The Wandering Earth is regarded as the China’s entry into big Science Fiction blockbusters that Hollywood has dominated for decades (and will probably continue to). Adapted from a novella by Liu Cixin, it goes for the big Bruckheimer approach that Bruckheimer doesn’t make anymore.


Until 13 February, 2019, its China book office has reached 2.4 Billion RMB (approximately 500 million AUD)

Liu Cixin—A Big Chinese Name in Sci-fi

Liu Cixin, born in June 1963, is a representative of the new generation of Chinese science fiction authors and recognized as a leading voice in Chinese sci-fi. He was awarded the China Galaxy Science Fiction Award for eight consecutive years, from 1999 to 2006 and again in 2010. His representative work The Three-body Problem was the ‘best story’ of 2015 Hugo Awards, the 3rd of 2015 Campbell Award finalists, and nominee of 2015 Nebulas Award. 
3His works have received wide acclaim on account of their powerful atmosphere and brilliant imagination. Liu Cixin’s stories successfully combine the exceedingly ephemeral with hard reality, all the while focusing on revealing the essence and aesthetics of science. He endeavors to create a distinctly Chinese style of science fiction. He is a member of the China Writers’ Association and the Shanxi Writers’ Association.

Liu’s most famous work, The Three-Body Problem, was published in 2007 (it is the first novel in the Remembrance of Earth’s Past trilogy). American author Ken Liu‘s 2014 translation (published by Tor Books) won the 2015 Hugo Award for Best Novel. Liu Cixin thus became the first author from Asia to win Best Novel. The German translation (which included some portions of the original text not included in the English translation) followed in 2016. Liu also translated the third volume of the Remembrance of Earth’s Past series, Death’s End, in 2016, which was a 2017 Hugo Award for Best Novel finalist.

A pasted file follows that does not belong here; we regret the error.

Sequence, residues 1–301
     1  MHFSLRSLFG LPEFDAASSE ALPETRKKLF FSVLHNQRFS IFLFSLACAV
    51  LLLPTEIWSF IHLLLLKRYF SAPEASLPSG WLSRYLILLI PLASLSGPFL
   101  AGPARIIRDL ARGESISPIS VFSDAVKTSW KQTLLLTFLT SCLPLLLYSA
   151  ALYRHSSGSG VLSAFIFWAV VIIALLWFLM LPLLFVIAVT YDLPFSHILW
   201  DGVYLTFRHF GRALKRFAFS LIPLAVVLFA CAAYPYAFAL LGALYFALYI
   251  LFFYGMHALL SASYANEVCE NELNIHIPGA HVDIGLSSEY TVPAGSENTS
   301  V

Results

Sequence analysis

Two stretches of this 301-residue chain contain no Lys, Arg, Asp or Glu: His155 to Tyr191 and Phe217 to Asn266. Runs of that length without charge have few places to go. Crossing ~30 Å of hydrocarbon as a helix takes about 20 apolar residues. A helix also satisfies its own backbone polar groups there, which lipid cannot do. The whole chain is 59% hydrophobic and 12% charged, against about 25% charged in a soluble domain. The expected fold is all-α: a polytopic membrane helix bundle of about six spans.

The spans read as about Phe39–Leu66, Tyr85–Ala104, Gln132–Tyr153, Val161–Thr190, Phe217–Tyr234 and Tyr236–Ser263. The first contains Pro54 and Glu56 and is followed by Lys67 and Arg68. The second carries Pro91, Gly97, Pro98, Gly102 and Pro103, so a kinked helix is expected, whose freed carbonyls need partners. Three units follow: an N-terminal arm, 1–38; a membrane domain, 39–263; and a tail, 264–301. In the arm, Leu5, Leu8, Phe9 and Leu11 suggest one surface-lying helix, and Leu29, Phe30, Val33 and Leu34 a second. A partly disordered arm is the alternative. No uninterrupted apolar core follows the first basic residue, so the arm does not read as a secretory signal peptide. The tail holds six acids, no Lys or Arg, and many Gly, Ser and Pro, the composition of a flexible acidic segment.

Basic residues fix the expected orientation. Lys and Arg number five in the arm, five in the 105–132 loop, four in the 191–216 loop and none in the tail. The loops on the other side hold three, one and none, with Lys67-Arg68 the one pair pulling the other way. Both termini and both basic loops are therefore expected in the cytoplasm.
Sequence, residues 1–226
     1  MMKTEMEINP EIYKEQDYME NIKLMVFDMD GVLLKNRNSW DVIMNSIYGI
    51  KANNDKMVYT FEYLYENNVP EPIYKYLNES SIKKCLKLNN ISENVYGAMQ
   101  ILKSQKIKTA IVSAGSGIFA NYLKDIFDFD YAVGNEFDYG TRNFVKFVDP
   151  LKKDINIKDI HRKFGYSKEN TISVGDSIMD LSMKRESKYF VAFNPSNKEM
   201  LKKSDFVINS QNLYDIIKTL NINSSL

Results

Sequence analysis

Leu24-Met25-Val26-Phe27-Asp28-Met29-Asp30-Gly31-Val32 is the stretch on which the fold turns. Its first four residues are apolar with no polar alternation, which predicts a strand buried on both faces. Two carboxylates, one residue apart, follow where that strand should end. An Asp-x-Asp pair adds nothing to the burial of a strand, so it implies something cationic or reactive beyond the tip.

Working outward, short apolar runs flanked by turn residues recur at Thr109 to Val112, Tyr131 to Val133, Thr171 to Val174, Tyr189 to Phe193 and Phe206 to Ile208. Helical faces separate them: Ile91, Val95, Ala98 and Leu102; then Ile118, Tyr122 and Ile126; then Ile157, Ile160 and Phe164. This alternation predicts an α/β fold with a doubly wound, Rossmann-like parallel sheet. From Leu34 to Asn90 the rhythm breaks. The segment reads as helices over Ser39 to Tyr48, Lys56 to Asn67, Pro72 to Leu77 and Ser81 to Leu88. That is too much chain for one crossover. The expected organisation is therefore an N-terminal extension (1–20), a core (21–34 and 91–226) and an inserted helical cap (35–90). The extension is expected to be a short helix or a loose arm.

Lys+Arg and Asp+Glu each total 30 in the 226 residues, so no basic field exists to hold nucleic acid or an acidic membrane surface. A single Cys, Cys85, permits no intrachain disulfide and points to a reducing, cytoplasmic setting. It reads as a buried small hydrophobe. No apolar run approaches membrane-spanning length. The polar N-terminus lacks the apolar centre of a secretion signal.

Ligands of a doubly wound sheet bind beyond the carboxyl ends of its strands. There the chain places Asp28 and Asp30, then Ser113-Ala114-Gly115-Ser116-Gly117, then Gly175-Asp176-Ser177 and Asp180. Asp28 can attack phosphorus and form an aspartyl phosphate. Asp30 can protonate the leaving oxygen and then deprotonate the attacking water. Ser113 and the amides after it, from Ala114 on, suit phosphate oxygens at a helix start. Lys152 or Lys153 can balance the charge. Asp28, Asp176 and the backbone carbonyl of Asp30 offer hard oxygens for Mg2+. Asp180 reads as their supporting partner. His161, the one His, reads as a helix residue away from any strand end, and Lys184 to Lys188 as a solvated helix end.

A Tremendous Success—On Business and Cultural

The plot of “The Wandering Earth” adaptation is, like many of Liu’s stories, complex, broadly imaginative, and stuffed with extreme scenarios and existential choices.

The tale takes place in a bleak future, at a time when the expansion of the sun threatens to engulf the earth. Human beings decide to respond by building up 10,000 massive thruster engines on the planet, capable of pushing the earth out of its current orbit and into the depths of the universe, in hopes of reaching a more habitable ‘solar’ system. When the planet instead gets trapped by Jupiter’s gravitational field, however, the crew of an orbiting space station must decide whether to abandon the earth in order to preserve something of humanity, or sacrifice their own lives in a low-probability attempt to free their homes from Jupiter’s pull.  


Unabashedly classic in the great tradition of Asimov and Clarke, Liu Cixin’s science-fiction is firmly rooted in the cosmic. He uses the unique perspective of sci-fi to take us on a journey into this majestic, desolate cosmos. It can be terrifying to contemplate the end of our world and stories that describe such destruction can be terrifying. Meanwhile however, they can leave us feeling not only entertained, but thrilled and inspired. These inspirations may even give us a chance to renew our love of life. Most stories found in the “The Wandering Earth” collection take us to a sci-fi vision of Earth’s doom. In the short stories, the dangers humanity faces are much stranger and whimsical than aliens, though aliens could be found everywhere in his books.